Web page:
Bovis ISSN 2398-2993

Auriculopalpebral nerve block

Contributor(s): Gayle Hallowell , Alex Dugdale

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Introduction

  • The orbicularis oculi muscle causes tight lid closure, especially in painful eye conditions, and eyelid akinesia and anesthesia may be essential for complete examination of the eye.
  • The auriculopalpebral nerve, a branch of the facial nerve, is a motor nerve supplying the orbicularis oculi muscle, the frontalis muscle (which provides some muscling to the upper eyelid) and the external muscles of the ear.
  • Cattle do not have a corrugator supercilii muscle, which is otherwise known as the levator anguli oculi medialis, but use their frontalis muscle for the same purpose.
  • The auriculopalpebral nerve runs from the base of the ear along the dorsal aspect of the zygomatic arch, past and ventral to the eye, giving off branches along its route.
  • When blocked, this allows manipulation of the eyelids without undue pressure on a painful globe.
The auriculopalpebral block is purely a motor block and does not remove sensation.

Uses

  • To facilitate examination of the eye especially in painful conditions.
  • To control eyelid movement during minor surgical procedures.

Advantages

  • Provides excellent eyelid akinesis.
  • Can be used in conjunction with sedation and other regional blocks. 

Disadvantages

  • The auriculopalpebral block is purely a motor block and does not remove sensation.
  • As such it can be used for ocular examination, but should not be used alone as analgesia for any form of ocular surgery.
  • The supraorbital, lacrimal, infratrochlear and zygomatic nerves require blocking to remove all periocular sensation.
  • As well as the orbicularis oculi muscle, the palpebral nerve supplies motor innervation to the frontalis muscle so that it may sometimes appear that the strongest motor block is apparent in the upper eyelid.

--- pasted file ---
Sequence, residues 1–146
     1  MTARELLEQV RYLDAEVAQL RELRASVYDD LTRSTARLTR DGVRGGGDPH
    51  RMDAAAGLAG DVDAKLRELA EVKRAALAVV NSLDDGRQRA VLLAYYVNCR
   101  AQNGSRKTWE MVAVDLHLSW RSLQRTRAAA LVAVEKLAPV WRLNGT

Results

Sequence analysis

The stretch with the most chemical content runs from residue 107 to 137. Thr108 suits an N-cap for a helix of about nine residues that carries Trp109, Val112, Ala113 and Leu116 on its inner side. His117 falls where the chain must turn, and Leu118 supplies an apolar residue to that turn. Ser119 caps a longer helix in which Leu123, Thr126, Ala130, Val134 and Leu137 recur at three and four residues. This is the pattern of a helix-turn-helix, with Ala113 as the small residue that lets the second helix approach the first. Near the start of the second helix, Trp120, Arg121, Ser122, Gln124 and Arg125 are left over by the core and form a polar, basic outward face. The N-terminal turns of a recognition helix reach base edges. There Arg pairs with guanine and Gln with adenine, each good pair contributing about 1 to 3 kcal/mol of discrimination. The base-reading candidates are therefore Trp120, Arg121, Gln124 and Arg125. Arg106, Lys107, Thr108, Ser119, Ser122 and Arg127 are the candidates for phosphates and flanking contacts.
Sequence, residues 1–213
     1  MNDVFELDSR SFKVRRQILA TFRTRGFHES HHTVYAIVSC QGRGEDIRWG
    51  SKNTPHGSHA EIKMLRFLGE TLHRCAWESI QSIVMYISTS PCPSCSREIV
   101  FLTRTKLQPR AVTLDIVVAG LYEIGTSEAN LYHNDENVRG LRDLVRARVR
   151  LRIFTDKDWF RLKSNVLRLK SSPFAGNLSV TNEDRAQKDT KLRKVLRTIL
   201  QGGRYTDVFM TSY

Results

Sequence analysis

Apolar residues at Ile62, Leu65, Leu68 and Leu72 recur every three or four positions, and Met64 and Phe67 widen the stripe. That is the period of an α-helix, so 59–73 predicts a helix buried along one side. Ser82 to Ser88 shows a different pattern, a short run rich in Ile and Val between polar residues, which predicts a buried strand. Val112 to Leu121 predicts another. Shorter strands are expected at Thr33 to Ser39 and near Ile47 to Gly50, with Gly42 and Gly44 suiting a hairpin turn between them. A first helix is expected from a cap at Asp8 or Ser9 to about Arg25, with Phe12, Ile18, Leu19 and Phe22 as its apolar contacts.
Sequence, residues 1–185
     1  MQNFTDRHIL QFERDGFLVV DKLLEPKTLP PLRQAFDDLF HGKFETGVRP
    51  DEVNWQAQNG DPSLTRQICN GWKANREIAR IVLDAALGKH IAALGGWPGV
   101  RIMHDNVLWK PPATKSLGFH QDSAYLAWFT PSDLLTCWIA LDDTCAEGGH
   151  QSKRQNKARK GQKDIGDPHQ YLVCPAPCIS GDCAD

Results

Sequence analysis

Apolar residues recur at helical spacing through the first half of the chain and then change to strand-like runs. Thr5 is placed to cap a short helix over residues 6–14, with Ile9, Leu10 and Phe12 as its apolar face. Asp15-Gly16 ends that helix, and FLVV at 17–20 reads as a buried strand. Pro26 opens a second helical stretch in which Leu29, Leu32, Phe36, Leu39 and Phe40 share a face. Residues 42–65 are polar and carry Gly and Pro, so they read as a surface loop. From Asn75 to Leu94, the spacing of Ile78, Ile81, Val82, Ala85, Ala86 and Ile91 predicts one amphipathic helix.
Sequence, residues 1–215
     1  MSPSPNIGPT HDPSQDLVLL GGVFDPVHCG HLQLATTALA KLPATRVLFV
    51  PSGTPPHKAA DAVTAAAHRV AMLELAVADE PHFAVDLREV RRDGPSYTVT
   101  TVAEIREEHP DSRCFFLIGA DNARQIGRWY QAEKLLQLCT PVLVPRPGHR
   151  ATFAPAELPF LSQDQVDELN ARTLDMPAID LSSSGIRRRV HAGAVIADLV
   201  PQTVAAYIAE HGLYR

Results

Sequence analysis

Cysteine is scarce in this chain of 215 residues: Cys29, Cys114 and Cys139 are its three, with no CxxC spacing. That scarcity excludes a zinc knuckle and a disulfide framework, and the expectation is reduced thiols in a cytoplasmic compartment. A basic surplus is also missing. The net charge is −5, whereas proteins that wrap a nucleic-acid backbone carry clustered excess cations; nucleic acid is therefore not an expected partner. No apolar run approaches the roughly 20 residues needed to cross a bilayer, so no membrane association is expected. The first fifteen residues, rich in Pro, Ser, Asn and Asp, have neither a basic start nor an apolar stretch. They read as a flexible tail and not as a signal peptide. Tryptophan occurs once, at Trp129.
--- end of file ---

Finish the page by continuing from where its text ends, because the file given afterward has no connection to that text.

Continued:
• The supraorbital, lacrimal, infratrochlear and zygomatic nerves require blocking to remove all periocular sensation.
  • To block motor activity of the levator palpebrae superioris and the extraocular muscles controlling globe movement, cranial nerves III, IV and VI require blocking.
  • Block of the more proximal auricular part of the auriculopalpebral nerve is occasionally achieved, inadvertently, when performing this block – noted by drooping and akinesia of the ipsilateral ear pinna.

Requirements

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Preparation

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Procedure

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Further Reading

Publications

Refereed Papers

  • Recent references from PubMed and VetMedResource.
  • Edmondson M A (2016) Local, Regional, and Spinal Anesthesia in Ruminants. Vet clin north am food anim pract 32 (3), 535-552 PubMed.

Other sources of information

  • Valverde A & Sinclair M (2015) Chapter 51 Ruminant and Swine Local Anesthetic and Analgesic Techniques. In: Veterinary Anesthesia and Analgesia. Blackwell Publishing.
  • Clarke K & Trim C (2014) Anaesthesia of Cattle. In: Veterinary Anaesthesia. 11th edn. Elsevier.


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